How and Why Retail Brands Should Use Augmented Reality
Many brands are beginning to understand the definition and impact of augmented reality (AR). The ability for AR to be significantly more engaging than any other technology by creating a multisensory experience can help brands develop a deeper relationship with consumers. As a result, the gaming and entertainment industries are adopting AR solutions at a rapid pace.
But the retail industry has also been leveraging AR for more engaging consumer interactions. In fact, Marketing Dive reports that the combined spending on AR and virtual reality (VR) in the retail industry will grow roughly 238 percent annually, which would make it the top industry for AR and VR spend by 2020.
What does this mean for retailers? It’s time to get strategic about mobile applications and start thinking big about AR. To get started, brands should look to their customers before developing or optimizing existing solutions. Pulling from a recent exploratory research study conducted by GutCheck, there are specific insights into consumer perceptions and use cases for AR that can also help brands embark on this initiative.
Specifically, the results showed it may be less important for consumers to actually understand AR in order for them to comprehend its potential use. For example, most consumers find that AR can be used for the following:
- product trials or experiences;
- to help people by saving time or by improving a process; or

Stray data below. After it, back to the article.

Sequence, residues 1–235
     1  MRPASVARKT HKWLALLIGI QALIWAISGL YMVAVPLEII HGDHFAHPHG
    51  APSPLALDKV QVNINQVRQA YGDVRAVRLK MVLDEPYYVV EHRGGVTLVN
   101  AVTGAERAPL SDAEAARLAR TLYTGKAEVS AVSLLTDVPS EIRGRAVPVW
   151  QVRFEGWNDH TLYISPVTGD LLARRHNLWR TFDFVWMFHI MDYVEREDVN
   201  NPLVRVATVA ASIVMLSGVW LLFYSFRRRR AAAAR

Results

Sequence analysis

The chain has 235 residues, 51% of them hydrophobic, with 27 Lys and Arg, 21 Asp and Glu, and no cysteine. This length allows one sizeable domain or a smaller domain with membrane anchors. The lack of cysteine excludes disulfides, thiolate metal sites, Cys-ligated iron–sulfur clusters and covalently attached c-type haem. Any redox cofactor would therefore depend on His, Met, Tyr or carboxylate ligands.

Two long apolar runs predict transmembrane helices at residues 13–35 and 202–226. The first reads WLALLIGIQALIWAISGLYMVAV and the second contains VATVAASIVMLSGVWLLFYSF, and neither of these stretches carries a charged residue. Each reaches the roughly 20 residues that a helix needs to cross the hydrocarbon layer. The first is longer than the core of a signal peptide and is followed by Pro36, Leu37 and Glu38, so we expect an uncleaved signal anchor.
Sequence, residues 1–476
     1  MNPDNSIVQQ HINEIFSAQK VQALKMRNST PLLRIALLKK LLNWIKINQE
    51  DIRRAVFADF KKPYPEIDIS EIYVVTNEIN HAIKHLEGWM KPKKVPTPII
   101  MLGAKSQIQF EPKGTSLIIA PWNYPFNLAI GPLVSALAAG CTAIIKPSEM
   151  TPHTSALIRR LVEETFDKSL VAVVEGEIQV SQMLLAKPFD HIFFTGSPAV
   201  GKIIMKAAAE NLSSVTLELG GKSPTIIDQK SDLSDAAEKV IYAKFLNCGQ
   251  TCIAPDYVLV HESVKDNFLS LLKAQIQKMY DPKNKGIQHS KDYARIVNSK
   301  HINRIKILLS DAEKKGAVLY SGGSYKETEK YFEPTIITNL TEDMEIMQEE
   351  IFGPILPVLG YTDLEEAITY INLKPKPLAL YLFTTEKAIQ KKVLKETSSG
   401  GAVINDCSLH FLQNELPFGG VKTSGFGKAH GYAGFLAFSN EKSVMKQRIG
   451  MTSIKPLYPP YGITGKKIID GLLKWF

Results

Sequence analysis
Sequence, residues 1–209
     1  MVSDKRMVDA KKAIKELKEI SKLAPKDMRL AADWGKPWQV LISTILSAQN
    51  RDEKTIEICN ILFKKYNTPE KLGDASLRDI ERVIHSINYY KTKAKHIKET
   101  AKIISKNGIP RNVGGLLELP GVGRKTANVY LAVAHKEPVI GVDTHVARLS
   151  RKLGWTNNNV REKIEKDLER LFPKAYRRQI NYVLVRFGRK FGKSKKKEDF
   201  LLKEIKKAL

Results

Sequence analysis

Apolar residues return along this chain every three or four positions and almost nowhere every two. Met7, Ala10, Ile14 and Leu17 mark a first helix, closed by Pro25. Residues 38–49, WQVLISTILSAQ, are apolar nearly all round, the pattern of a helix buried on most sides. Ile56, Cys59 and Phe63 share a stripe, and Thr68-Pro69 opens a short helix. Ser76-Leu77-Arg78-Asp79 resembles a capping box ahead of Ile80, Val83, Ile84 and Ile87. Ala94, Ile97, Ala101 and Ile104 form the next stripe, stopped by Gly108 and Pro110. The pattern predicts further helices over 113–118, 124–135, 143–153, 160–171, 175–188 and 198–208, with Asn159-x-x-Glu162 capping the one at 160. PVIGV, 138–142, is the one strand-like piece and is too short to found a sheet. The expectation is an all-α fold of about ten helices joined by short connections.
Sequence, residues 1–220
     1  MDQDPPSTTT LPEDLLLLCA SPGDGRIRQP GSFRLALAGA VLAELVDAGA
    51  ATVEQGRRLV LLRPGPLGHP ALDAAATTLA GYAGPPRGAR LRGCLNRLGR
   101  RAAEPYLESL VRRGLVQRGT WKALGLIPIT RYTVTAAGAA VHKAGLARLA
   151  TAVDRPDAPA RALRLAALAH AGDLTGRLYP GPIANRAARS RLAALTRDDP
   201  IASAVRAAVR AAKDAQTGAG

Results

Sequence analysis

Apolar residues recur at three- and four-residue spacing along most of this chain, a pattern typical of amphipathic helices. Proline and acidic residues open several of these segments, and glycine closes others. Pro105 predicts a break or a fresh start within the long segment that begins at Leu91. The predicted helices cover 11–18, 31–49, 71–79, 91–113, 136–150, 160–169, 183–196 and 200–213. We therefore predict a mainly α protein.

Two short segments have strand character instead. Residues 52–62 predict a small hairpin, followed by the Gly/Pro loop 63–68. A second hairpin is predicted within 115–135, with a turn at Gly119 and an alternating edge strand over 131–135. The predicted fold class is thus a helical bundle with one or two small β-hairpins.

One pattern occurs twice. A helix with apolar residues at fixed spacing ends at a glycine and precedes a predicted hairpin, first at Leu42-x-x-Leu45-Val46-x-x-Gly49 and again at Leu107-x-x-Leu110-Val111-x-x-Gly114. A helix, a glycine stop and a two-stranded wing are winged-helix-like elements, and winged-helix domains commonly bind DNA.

- to entertain and make an experience or process more fun.
If an app doesn’t satisfy one or more of those use cases, it may be less relevant to consumers and more difficult to get them to use it. This is especially true when it comes to retail-oriented apps, as consumers aren’t expecting a game and are likely looking to understand how AR will help them in their shopping experience.
The online shopping experience is where most respondents mentioned they would like to try using an AR tool. Consumers like the idea of trying something out or seeing a product without having to go anywhere — or at least before going to a store to purchase it.
One female respondent stated, “I would definitely use augmented reality to try on clothes or other purchases online. This would be an ideal add-on to the online buying experience.”
Results also showed consumers are more open to trying AR-related solutions from brands associated with technology, home improvement and retail. In fact, several specific retail brands were mentioned in consumer responses, including Nike, Lowe's, Home Depot, Ikea, and Amazon.com.
So as AR's application to retail heightens, software developers will need to get more creative with the technology in order to continue to provide both consumers and brands with immeasurable value. Benefits brands can expect to get out of adopting an AR solution include the following:
- an easier way to control and improve the brand experience;
- increased brand engagement and an improvement in customer retention; and
- a new source for understanding consumers.
However, consumers still have specific questions and concerns when it comes to AR, including the needs it solves, how it applies to their daily lives, and privacy and security considerations. These concerns are always a barrier when it comes to connected technology. As a result, be sure to provide an easy-to-read and digestible product description that also highlights any privacy or security concerns.
Ultimately, any brand can try to incorporate AR into their marketing or product strategy. However, retail provides more of an opportunity than other industries. Retail brands that have learned this and already developed solutions have gained a competitive advantage, or at the very least have raised brand awareness and engagement.
Brooke Patton is a researcher and content specialist at GutCheck, a global agile market research provider. She often conducts studies specific to technology in the AR, smart home, and consumer electronics space.
Related story: 3 E-Commerce Tips for Apparel Retailers